How Issues Are Affected By the Political Spectrum
On April 30, 1789, the United States of America elected our first president to lead our country.Then every four years thereafter, another president is elected.When election time comes around most Americans do not know anything about the issues involved and/or do not even know who is running.
The two current candidates this year are Al Gore, the Democrat, and George Bush, the Republican. Three main issues that both parties deal with are Social Security, Tax Reform, and Education. Depending on each candidate”s political platform, they can be placed approximately on the political spectrum.
Knowing where a candidate stands on the political spectrum, you can assume how he would feel on certain issues. Social Security is a huge issue this year because many citizens are concerned that they are paying the social security tax, but with the current plan, the money will run out by the time they get old enough to use it. Al Gore plans on taking social security and putting it aside and adding the interest gained to it which in his words, “I will keep it in a lockbox. The interest savings, I would put right back into it.
That extends the life for 55 years” (Issues2000. om). Gore”s plan relates to the liberal side of the political spectrum. Normally most liberals believe in more government involvement and less big corporations. He is saying that the social security tax will go into a “lockbox” and no money will be taken out of it leaving it all to the government. “Today liberals view government as protecting individuals from being abused by a variety of governmental and nongovernmental forces, such as market vagaries, business decisions, and discriminatory practices” (Burns 243). This leads into why George Bush is a conservative.
He plans on taking social security and putting it into the hands of our citizens and allowing them to invest their money in stocks. Bush wants to take the money out of the government”s hands and put it in the individual”s hands. “… I”m going to trust [young workers] at their option to be able to manage, under certain guidelines, some of their money to get a better rate of return so that they”ll have a retirement plan in the future… ” (issues2000. com). Basically he is trying allow the “young workers” to control their social security rather than the government.
This issue shows how two different sides of the political spectrum can affect the way they attack a problem. Tax Reform is another issue where both candidates differ greatly. Al Gore believes there should be a tax cut for the lower class and middle class families, but not for the wealthy class. This is true for a normal liberal to say. They believe the government should help those who are in need and leave those who don”t alone. “Liberals… prefer that government take care of the weak, for the strong can nearly always take care of themselves” (Burns 244).
With Gore”s plan, the typical family”s taxes would be the lowest in fifty years. This is definitely taking care of the weak part of society, the typical family. Bush, on the other hand, says he wants a tax cut for everyone. He believes everyone should deserve a tax relief, not just the middle class. This sounds good, but really the biggest cut would be in the upper class, who really do not need a tax cut. This just shows how Bush is being conservative by helping the big businesses, which make up most of the upper class. “Traditional conservatives, in the name of freedom, are emphatically pro-business” (248).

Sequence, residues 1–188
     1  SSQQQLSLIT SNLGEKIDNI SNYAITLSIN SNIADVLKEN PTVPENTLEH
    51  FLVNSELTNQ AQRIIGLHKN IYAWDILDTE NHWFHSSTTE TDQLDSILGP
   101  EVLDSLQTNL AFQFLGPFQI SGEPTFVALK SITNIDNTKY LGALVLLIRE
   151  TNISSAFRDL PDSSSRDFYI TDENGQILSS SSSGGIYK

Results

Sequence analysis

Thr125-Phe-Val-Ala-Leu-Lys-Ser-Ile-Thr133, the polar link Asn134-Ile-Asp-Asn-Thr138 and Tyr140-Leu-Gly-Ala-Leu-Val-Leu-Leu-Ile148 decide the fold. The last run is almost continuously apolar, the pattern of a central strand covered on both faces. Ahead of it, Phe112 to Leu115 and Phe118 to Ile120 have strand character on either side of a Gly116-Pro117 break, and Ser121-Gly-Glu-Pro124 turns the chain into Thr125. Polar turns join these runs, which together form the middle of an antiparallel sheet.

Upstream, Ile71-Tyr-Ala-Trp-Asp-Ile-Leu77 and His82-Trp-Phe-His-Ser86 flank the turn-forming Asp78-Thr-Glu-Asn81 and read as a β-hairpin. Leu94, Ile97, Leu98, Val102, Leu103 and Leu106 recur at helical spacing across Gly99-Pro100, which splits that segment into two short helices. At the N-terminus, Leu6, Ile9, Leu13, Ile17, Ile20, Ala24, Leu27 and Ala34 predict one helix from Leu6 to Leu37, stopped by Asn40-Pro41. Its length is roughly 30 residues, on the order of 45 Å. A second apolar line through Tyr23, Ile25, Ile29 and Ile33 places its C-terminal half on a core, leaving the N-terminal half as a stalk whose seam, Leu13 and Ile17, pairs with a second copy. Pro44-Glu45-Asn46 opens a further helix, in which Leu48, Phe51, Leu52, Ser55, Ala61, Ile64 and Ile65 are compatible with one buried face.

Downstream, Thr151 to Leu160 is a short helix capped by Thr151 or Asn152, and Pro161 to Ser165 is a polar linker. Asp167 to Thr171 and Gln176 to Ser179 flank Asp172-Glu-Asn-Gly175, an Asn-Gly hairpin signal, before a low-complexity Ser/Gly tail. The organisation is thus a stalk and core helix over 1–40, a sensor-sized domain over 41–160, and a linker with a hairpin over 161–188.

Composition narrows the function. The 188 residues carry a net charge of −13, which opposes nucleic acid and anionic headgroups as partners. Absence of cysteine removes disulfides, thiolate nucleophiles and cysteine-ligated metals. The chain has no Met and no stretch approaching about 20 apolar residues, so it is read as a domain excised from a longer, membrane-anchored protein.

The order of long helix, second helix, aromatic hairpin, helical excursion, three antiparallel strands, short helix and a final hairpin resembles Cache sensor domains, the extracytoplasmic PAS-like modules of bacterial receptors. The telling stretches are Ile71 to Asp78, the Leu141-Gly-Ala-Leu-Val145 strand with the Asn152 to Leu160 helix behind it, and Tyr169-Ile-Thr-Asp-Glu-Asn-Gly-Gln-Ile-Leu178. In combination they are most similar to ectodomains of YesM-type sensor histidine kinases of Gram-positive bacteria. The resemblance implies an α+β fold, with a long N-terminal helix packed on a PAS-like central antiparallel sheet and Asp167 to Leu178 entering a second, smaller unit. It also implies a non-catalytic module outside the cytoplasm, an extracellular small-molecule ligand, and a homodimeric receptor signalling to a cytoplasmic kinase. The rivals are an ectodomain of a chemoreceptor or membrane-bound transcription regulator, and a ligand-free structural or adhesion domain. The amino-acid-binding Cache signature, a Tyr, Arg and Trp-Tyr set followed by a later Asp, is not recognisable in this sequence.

Each candidate tries to show why their tax reform plans are better, but it just comes down to how each candidate relates to the political spectrum. Another big issue this year is Education. Both candidates feel differently about this issue. Al Gore believes that students who attend a failing school would be allowed to go to better school until that school is reopened under new management. He also says that schools that are doing poorly in student achievement would be given a fund to help them improve. Any progressing school would be given financial awards to help them strive to become better.
This is considered a liberal view because he is saying that any weak school will be helped out by the government. In addition, he is supporting the improvement of some schools that are not meeting the standards. George Bush agrees somewhat, but he believes that if a school is failing, they have three years to fix the problems. If they don”t, they will be shut down and are demanded to give some money towards sending the students to other schools. He also says he would require testing be done every year.
The schools that improve would get a bonus while the schools that are failing would lose some federal funds (English handout). Conservatives are also inclined to believe that those who fail in life are in some way the architects of their own misfortune and thus must bear the main responsibility for solving their own problems” (Burns 247). He is conservative by saying that the responsibility of failing schools is to fix the problems themselves. Some parts of this issue, education, Gore and Bush agree on but for the most part, they are like on two different sides of the political spectrum. Knowing where the candidate is located on the political spectrum, each issue can be related to how the candidate feels.
Even though there are many issues a soon-to-be president has to discuss, there are definitely three main issues that affect everyone somehow. They all show a definite side of the political platform by each candidate. Each candidate”s side was relating to one side of the political spectrum such, as Democrats tend to be liberal, while Republicans are considered conservative. Referring back to the first paragraph, maybe we should model after our ancestors back when majority of our citizens actually cared about who was running and how they felt on the issues.